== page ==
Edsa made worse
The pictures were horrendous, heartrending and infuriating: thousands of commuters stranded on streets, unable to find buses to ferry them to work or school; on Epifanio de los Santos Avenue (Edsa), a long line of buses unmoving and hemmed in on their designated yellow lane, while the lanes for private vehicles were nearly empty; and on the streets and stations leading to the MRT, many more miserable commuters stewing as they waited for scarce train rides.
The daily nightmare on Edsa was made even worse last week with the confusion inflicted by the Metropolitan Manila Development Authority’s (MMDA) yellow lane policy, the aggravation of a provincial bus ban that went ahead despite a court order, and heavy rains.
But forget the weather for now — that’s an inescapable element at this time of year. The real culprit was the yellow lane scheme, which, while ostensibly a measure meant to impose discipline and order among bus drivers, was called out by many commuters for being antipoor.
They have a point. The scheme to segregate buses to only two lanes of Edsa (even provincial buses that are allowed on the third lane were reportedly directed by MMDA enforcers to the yellow lane), while three other lanes were dedicated to private car owners and other motorists, resulted in the now-viral picture of city buses crammed with angry passengers stuck on two narrow lanes, while the rest of Edsa was a virtual “express lane” where private vehicles could breeze through. And with Edsa clogged, the side streets connected to the major thoroughfare were likewise jammed.
Given the wide gulf in carrying capacity between private cars (5 passengers at most) and public buses (60 at full capacity), one would think the MMDA’s thrust would be to move more people — and not cars — along, and that means ensuring that public transport vehicles, such as buses that are able to ferry greater numbers of people, are able to do their job.
Much has been made of how undisciplined bus drivers regularly cause traffic havoc on Edsa; that, too, is a valid concern. But driver discipline is a separate issue from the sheer ability to move more people en masse from one point of the metro to the other.
The MMDA’s move last week did make Edsa more convenient for private vehicles, but at an unconscionable expense — thousands more of ordinary workers and employees who ended up late for work, or were forced to take unpaid leave, or had to get off at unceremonious points of their route to trudge to work. Antipoor? Yes, it was.
At least one politician seems to get the crucial big picture. “Traffic in Pasig and Metro Manila will continue to worsen no matter what traffic policies we have, UNLESS we lessen the demand for cars,” said Pasig City Mayor Vico Sotto in an online post. “This means a greater focus on moving people rather than private vehicles. This means incorporating more non-car modes of transportation in our long-term plans.”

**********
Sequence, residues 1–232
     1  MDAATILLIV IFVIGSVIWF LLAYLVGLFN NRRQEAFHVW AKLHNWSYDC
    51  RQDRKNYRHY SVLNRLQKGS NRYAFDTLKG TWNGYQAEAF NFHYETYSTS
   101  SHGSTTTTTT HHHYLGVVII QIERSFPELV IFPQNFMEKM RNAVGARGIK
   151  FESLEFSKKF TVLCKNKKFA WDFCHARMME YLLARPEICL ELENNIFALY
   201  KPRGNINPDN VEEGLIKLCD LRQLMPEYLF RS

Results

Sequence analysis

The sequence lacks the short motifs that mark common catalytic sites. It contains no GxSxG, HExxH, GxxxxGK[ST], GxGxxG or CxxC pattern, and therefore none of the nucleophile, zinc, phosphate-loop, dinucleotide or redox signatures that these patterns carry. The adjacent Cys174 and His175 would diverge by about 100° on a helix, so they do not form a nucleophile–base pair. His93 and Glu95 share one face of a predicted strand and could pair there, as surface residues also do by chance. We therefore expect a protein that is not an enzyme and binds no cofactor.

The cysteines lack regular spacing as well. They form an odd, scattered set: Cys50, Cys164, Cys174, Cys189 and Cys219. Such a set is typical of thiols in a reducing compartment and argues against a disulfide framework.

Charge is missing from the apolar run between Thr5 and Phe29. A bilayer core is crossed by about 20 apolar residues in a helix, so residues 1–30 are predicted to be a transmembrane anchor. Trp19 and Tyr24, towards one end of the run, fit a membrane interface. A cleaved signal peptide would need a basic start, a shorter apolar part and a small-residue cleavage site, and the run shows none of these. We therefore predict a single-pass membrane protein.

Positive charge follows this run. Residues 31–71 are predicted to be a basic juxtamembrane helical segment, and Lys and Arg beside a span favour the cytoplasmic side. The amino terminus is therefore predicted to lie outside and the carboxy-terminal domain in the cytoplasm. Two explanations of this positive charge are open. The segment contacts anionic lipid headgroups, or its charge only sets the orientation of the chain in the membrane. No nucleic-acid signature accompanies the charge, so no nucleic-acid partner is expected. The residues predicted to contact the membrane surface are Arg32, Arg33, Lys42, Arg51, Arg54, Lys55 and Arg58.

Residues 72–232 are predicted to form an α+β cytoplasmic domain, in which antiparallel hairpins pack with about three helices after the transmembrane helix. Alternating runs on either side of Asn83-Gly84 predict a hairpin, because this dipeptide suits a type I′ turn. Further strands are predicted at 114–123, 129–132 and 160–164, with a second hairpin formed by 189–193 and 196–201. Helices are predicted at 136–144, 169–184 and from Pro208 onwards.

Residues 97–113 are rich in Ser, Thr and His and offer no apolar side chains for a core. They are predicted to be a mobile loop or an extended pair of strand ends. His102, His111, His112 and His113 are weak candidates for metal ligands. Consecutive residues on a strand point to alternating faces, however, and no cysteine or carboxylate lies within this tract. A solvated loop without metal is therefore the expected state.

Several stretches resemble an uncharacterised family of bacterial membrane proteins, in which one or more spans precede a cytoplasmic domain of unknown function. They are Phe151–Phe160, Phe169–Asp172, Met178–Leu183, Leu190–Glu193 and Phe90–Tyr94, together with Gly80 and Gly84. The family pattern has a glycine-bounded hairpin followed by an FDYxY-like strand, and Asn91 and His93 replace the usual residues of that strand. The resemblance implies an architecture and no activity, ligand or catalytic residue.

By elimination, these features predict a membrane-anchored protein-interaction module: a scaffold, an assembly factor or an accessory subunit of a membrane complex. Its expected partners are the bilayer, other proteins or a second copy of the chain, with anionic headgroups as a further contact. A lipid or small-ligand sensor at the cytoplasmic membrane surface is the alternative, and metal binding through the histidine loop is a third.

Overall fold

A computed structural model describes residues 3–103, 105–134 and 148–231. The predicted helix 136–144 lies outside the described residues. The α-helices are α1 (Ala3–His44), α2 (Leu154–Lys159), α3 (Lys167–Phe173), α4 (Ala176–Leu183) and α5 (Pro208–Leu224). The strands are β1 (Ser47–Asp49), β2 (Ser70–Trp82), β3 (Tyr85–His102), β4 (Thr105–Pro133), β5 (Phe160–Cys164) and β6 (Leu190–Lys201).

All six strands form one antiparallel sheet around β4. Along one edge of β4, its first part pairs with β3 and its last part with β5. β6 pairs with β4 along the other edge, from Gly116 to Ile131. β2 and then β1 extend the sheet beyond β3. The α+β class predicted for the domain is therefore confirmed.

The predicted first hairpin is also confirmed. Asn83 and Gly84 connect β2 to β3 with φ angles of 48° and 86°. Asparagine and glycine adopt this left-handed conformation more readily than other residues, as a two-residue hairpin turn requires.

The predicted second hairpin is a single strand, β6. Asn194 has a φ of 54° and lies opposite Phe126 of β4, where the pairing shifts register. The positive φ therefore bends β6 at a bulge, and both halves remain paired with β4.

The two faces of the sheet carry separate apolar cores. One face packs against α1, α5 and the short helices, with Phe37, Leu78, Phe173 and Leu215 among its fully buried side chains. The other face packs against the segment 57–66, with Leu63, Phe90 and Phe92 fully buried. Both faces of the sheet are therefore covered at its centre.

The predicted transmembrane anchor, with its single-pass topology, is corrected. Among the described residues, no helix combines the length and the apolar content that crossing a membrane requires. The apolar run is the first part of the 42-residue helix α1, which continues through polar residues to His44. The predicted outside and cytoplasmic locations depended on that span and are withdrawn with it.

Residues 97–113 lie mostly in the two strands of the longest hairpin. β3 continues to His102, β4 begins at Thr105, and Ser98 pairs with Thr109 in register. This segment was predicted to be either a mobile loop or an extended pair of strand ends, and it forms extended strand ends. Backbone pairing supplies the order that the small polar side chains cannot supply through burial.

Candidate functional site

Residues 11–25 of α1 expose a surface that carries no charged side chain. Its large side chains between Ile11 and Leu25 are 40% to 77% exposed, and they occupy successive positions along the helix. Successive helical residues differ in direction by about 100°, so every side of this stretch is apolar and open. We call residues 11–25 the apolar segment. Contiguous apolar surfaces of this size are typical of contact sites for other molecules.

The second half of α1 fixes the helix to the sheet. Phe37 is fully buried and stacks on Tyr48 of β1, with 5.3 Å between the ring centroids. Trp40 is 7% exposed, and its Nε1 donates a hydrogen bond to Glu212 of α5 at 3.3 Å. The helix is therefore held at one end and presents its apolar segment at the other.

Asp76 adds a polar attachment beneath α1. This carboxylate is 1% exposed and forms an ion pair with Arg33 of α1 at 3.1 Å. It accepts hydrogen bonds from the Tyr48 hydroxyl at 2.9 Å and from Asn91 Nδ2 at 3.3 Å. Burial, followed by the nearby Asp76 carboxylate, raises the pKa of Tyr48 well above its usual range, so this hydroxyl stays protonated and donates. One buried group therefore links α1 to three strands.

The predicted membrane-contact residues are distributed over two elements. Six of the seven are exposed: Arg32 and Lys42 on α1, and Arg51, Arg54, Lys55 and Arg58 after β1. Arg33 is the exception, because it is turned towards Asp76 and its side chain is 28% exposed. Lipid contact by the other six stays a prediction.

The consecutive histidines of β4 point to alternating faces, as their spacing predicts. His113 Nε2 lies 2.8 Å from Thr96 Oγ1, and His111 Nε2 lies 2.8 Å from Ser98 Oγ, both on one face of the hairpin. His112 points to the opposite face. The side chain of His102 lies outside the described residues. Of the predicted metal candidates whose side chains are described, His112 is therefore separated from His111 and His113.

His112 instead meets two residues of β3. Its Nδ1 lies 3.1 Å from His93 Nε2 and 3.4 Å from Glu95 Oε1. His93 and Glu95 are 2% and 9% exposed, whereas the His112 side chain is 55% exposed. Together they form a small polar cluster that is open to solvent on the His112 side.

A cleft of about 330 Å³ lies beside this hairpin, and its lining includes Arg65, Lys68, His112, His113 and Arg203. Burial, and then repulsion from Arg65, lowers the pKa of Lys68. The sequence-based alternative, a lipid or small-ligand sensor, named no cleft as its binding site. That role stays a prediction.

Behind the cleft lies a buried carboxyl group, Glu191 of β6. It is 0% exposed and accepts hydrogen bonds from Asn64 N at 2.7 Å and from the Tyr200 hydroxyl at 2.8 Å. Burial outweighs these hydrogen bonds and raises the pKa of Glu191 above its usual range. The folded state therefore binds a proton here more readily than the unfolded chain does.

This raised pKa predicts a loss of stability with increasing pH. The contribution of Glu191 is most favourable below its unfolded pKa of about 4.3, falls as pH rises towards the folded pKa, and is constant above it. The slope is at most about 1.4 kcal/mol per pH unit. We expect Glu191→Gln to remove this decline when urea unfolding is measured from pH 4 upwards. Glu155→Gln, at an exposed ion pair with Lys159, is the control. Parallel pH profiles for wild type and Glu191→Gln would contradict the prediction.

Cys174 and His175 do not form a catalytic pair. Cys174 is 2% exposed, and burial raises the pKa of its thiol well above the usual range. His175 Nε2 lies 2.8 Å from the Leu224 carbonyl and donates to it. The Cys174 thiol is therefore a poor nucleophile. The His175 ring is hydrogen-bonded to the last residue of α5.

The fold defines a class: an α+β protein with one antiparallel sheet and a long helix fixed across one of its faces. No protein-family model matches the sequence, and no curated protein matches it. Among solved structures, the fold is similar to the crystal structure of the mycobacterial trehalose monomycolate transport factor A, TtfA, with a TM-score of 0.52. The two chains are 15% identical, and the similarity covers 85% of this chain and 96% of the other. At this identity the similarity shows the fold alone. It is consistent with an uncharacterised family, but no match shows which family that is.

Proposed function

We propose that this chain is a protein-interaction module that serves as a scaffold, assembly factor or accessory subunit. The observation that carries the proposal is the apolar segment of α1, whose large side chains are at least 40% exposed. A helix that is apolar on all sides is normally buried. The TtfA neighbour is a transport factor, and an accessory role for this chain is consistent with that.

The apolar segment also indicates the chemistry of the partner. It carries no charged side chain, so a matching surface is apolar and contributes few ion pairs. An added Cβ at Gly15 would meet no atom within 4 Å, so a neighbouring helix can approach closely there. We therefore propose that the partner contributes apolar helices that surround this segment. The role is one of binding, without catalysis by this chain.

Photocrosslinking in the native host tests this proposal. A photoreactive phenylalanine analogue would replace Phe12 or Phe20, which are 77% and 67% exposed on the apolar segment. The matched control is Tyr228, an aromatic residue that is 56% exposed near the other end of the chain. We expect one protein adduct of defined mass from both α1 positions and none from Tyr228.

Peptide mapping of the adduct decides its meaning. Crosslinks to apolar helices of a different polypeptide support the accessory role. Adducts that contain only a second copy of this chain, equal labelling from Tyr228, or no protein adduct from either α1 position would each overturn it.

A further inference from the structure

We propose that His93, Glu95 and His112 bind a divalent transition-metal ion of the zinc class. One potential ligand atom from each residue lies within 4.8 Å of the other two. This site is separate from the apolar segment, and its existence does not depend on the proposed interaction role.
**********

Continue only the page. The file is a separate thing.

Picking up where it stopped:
Perhaps the likes of Sotto, along with transport experts and urban planners with fresher minds and more innovative ideas to bring to the table, should be asked to attend the Senate investigation on the Edsa gridlock that Sen. Grace Poe, chair of the Senate public services committee, said she will hold on Tuesday.
“Matinding kalbaryo (great suffering),” was how Poe lamented the incident.
The damage is bigger than the daily personal hell commuters are forced to go through. If traffic in Metro Manila — which contributes a third to the country’s economy — does not improve, economic losses could reach as much as P5.4 billion daily, the Japan International Cooperation Agency has earlier warned. (The metropolis has a population of 12.9 million, but this swells to 15 million during daytime.)
Transport economist Jedd Ugay, cofounder of Alt Mobility PH, proposes that the government review the revenue-focused bus franchise system and improve public transport to make it not only a more pleasant experience for commuters, but to also encourage private vehicle owners to leave their cars at home. In Singapore, for instance, the government has imposed a prohibitive car ownership policy to encourage use of public transport. But this is only possible because of an efficient public transport system, which the Philippines still sorely lacks.
Restricting the space for ordinary commuters while easing up on lanes for private vehicles will only “entice more people to shift from public transportation and go to private vehicles instead of the other way around,” said Ugay.
Unfortunately, for average daily-wage Filipino commuters, that is not an option. And so they begin their hours brutalized on Edsa, and end it much the same way. Just another day in the capital of the Philippines.
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